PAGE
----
Stained glass abstract evoking a tropical beach with vivid ocean colors, sailboats, and lush palm trees
Mikal Myers, massage therapist
Mikal Myers, Massage Therapist
Tennis Ball Video Thumbnail
Tennis Balls, Anyone?
Work the kinks out on a long drive or flight.
Breath-ercize Video Thumbnail
Strengthen your lungs and relax your everything by breathing right.
Stretching Video Thumbnail
It's a Stretch
Tension melts away and flexibility improves when you stretch.
Sports and Rehab

What is Sports and Rehab Massage?
There are a lot of labels out there in the 'Massage World', and each one identifies a certain training modality (method) that the therapist has been trained in. One of the great aspects of being a Massage Therapist is there are so many of these modalities to learn that if we continue our education it is always new and exciting. It allows the therapist to look at a condition in various ways and use different approaches. This causes a great deal of overlap in the various modalities, which sometimes blurs the definitions a bit.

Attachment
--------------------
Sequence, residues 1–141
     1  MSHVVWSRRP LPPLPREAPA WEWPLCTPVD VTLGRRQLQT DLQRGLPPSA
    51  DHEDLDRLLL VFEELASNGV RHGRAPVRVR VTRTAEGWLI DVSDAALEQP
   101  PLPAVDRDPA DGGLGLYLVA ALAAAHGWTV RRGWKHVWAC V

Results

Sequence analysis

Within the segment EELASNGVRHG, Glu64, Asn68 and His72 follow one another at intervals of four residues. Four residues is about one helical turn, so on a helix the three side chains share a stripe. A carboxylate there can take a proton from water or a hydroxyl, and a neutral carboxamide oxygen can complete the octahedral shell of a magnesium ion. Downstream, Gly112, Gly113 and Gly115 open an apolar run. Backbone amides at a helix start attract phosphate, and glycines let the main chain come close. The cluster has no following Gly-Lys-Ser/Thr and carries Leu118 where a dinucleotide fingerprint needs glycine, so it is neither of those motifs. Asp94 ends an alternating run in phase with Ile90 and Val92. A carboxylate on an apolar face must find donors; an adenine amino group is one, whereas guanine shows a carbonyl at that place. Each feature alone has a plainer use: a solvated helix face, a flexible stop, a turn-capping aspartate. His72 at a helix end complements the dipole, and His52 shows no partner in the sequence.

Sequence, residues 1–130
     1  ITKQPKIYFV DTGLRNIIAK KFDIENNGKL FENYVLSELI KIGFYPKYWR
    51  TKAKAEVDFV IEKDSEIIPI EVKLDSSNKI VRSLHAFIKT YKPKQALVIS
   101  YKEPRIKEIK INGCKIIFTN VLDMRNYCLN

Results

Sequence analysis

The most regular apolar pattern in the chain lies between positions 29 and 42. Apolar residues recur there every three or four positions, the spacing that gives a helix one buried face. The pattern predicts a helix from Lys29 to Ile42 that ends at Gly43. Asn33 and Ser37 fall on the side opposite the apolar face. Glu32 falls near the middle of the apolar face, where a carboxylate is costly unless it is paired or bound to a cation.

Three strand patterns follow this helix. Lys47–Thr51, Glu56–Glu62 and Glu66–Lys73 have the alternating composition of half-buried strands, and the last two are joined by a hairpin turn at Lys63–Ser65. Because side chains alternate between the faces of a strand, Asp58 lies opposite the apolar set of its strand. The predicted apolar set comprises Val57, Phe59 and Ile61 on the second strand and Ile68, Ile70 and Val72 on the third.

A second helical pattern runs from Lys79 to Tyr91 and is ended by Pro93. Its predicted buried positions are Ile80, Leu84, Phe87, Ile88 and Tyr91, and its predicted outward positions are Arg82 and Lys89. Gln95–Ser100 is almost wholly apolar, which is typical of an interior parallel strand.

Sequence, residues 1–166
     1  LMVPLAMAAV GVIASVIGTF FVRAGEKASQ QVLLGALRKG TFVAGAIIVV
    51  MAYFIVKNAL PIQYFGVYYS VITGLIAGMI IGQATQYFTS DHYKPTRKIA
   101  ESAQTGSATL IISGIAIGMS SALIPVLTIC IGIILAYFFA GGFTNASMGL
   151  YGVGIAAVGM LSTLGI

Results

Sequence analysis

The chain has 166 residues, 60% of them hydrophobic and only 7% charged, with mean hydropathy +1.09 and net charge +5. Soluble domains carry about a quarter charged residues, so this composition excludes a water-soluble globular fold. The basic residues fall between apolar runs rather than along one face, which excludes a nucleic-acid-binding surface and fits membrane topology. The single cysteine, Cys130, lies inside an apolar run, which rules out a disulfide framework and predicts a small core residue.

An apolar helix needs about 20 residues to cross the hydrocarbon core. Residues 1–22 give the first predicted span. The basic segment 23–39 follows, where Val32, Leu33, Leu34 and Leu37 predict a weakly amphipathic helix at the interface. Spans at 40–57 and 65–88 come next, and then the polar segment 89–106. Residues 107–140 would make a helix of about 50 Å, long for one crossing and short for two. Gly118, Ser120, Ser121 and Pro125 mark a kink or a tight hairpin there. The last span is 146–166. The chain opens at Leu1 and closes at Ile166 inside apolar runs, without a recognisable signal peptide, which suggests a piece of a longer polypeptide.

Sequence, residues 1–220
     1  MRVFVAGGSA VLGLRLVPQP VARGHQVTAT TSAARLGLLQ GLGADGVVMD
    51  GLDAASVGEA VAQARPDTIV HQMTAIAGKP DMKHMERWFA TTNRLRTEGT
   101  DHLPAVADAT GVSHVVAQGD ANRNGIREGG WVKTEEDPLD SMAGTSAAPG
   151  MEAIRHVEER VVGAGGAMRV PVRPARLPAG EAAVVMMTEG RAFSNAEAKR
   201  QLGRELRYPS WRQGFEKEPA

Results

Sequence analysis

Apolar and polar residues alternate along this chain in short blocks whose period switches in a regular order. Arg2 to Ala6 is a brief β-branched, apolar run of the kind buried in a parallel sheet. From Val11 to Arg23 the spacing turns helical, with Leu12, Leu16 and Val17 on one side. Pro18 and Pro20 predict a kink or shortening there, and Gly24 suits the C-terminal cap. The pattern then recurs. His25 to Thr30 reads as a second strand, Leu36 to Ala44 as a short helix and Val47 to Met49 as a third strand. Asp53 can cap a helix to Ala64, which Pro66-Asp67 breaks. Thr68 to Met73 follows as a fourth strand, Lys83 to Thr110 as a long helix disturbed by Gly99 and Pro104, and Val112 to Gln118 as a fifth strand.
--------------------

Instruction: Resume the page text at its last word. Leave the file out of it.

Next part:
Generally speaking, Sports Massage has two approaches; Light brisk 'rub downs' and stretches in pre and post events for a short period of time (usually no more than 20 minutes per session), because if the muscles get too relaxed from the deeper and longer work they will not respond as quickly as an athlete requires. The second is a combination of Swedish (light to moderate general pressure), Deep Tissue (more specific pressure using fingers, knuckles, and elbows on specific points, e.g., muscle attachments and "knots" ), and stretching. The deeper and longer work is done two days prior, or one day after the event.

Rehab takes into account what kind of injury exists, medical procedure (if any), and the kind of future activity to be done. The process could involve Swedish (the rub down), Deep Tissue, Neuromuscular, Craniosacral, stretching, or any combination of modalities.

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